Incidentally, I mentioned I'd be using some advanced math techniques. The first one is Markov analysis, as shown above. The second one is a subtle and underappreciated one. When you don't know the answer to a mathematical question, a very common, but often overlooked technique is to *assume* you know the answer, give it a name, and then see what properties this thing would have, if you knew it. This allows me to just say the answer to the question is S0, and then create equations using S0 as if I knew them, and then use those equations to determine what S0 must be, to satisfy all those constraints. It is the advanced inductive version of "Solve for X" in high school math.

This just leaves Vibranium. Vibranium requires five trophies. Using the same technique, we can set up the Markov state chain, along with the state equations:



And then we can just solve for S0 using substitution:



You know what? Let’s leave that as an exercise for the reader. Yeah, I can’t have all the fun. Let’s just take those state equations and plug in a few values for p: 50%, 75%, and 33%. While we are at it, let’s calculate how many matches to promote one tier within each bracket from Bronze to Vibranium:



So this is the average number of matches a player would have to play to get enough trophies to advance, for two trophies, three trophies, and five trophies. To calculate how many matches it would take to promote from one tier to the next, we have to account for the fact that it takes two promotions to reach the top Bronze (you start automatically on B3, and you have to promote to B2 and then to B1) but three promotions to reach the top of silver through Diamond. Vibranium require just one promotion. So the total number of matches, on average, to reach the top of each tier is:

[TL;DR readers should jump to here]



If your win percentage is 75% or better, promotion is likely to be a relatively straight forward process. But at 50% it starts looking like a pretty significant chore. At 33% it’s approaching hopeless without expending ludicrous amounts of effort (or getting extremely lucky).

In theory, matching by ELO (rating) seeks to find even matches for opponents: the goal is to achieve a roughly 50% win rate for most competitors, because the intent is to match players of comparable win percentage. Eventually winners face winners and things roughly equalize. Every beta of Battlegrounds used an ELO based match system. However, the current system appears to use a match system that heavily weights roster/deck strength. This means there’s no attempt (or at least a difficult to notice one) to match equally strong players in terms of win rate. Instead, if you have a stronger roster than players of comparable skill, you have a permanent disadvantage in Battlegrounds, because you’ll tend to get matched against players of higher skill. Conversely if you have a weaker roster than players of comparable skill, you have a permanent advantage in Battlegrounds, because you’ll tend to get matched against players of lower skill. This means there’s no reasonable assumption that players can expect to win about 50% of matches. Instead some players are likely to get far higher win rates, owing to their high skill (relative to roster strength). Conversely there must be players that will experience significantly lower than 50% win rates, likely semi-permanently.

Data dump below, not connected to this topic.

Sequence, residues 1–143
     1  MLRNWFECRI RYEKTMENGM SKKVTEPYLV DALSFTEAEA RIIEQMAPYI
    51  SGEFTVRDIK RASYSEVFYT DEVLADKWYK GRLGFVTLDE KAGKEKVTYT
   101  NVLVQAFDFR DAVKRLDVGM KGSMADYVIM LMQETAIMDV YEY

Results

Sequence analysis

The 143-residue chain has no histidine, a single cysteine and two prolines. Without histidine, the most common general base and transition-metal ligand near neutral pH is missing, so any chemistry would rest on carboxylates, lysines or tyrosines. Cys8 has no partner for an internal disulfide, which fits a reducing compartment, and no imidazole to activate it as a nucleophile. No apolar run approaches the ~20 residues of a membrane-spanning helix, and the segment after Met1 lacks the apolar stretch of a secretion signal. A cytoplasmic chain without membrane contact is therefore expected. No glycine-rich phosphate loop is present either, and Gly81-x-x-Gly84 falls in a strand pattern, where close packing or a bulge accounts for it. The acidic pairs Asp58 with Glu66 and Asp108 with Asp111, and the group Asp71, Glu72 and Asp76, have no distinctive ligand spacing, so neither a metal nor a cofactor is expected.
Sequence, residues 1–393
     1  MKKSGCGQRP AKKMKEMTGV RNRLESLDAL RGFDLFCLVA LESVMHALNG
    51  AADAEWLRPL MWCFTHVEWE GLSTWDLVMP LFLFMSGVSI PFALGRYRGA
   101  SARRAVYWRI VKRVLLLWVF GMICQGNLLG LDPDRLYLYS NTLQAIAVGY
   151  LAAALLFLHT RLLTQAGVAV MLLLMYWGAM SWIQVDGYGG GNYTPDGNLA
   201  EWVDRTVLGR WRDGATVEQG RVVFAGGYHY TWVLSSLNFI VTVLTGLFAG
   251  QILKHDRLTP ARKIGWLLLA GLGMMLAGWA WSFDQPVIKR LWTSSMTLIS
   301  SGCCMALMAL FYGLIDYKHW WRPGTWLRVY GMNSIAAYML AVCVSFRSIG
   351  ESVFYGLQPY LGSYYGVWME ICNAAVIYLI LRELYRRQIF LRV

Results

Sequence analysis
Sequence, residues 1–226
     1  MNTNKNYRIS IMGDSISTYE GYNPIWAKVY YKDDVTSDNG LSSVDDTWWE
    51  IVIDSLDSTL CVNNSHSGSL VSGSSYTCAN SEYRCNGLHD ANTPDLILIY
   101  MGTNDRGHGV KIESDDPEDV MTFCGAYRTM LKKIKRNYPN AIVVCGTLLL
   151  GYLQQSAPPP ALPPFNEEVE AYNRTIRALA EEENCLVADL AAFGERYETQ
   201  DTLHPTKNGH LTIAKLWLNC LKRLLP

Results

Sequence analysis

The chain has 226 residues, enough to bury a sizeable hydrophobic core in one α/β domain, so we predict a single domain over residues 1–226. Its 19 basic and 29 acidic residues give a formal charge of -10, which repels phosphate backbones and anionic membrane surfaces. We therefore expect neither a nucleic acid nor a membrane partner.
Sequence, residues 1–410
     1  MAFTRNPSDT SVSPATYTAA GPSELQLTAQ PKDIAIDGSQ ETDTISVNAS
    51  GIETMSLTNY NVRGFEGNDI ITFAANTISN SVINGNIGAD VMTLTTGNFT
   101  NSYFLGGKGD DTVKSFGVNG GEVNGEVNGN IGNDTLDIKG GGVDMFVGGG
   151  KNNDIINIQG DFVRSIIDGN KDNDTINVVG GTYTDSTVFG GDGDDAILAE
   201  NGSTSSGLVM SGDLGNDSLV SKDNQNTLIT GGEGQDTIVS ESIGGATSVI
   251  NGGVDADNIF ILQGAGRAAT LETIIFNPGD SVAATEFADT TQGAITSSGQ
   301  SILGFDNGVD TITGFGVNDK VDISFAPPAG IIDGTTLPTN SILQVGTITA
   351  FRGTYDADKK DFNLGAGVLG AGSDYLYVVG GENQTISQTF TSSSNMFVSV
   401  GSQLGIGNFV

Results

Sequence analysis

What this means for the player experience in Battlegrounds is probably not super-positive. If a player is never going to make it into the Gladiator tier, that’s one thing. Not everyone belongs there. But if many players find they cannot advance at all, if they discover that track progression quickly stalls out and the rewards for promotion are more or less permanently out of reach, I would assume the long term impact of this would be to deter most players from participating on anything other than a very casual level. Whether that's an issue, or a desirable feature is an open question. On the one hand, the mode does heavily favor higher skill players - at least on a relative basis. That's not a bad thing for a competitive game mode. But if it also discourages participation for all but the highest skilled players across differing roster strength, that does not bode well for a game mode that requires a minimum density of players entering the turnstile for the match maker.


PS: this is a lot of math, and I'm not as sharp as I used to be, so I double checked my calculations with Wolfram Alpha where possible. This is WA double checking my three trophy algebra:



But there's still always the chance for an error. If anyone wants to double check any of this, by all means have at it. I welcome any corrections to errors someone might be able to spot. Good luck using WA/Mathematica to find the closed form solution to Vibranium, however. Unless you're a Mathematica god, you aren't going to get the result you are hoping for.
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Comments

  • Colinwhitworth69Colinwhitworth69 Posts: 5,451 ★★★★★
    Hahahahahahahahahahahahahahahahahahaha. Thank you, was a long day at work, and I needed a laugh.
  • BENJI830BENJI830 Posts: 286 ★★
    In summary, BG likely not worth my time nor attention (neither of which I have a surplus of) because I’m busy with real life; don’t play War or AQ, and don’t plan on winning 75%+ of my fights, or spending a lot of cash/units.

    I just skipped to the end of your post, so correct me if wrong. :)